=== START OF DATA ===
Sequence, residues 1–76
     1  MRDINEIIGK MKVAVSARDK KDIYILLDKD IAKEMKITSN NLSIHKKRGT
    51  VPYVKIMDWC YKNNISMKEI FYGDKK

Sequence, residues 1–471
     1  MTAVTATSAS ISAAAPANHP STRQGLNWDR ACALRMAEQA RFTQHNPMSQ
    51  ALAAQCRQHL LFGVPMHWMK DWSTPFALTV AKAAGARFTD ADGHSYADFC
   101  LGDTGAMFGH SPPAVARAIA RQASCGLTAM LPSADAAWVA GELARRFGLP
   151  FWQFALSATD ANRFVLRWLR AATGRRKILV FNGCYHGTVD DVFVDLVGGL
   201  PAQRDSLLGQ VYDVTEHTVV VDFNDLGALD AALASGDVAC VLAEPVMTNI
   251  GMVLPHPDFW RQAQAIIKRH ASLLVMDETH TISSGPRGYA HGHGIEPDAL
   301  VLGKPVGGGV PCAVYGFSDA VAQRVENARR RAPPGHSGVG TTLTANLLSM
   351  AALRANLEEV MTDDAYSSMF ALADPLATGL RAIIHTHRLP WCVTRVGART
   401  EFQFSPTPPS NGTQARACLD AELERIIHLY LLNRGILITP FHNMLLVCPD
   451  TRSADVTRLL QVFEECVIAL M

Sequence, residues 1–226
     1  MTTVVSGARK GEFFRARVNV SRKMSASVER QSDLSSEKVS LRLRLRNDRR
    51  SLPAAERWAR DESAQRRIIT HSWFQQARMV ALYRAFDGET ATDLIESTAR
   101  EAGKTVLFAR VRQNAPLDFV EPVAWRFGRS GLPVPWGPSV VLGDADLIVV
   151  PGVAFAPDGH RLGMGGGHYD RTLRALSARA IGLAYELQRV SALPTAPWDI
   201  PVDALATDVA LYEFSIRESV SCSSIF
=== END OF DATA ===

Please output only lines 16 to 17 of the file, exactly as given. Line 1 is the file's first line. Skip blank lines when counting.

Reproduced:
     1  MTTVVSGARK GEFFRARVNV SRKMSASVER QSDLSSEKVS LRLRLRNDRR
    51  SLPAAERWAR DESAQRRIIT HSWFQQARMV ALYRAFDGET ATDLIESTAR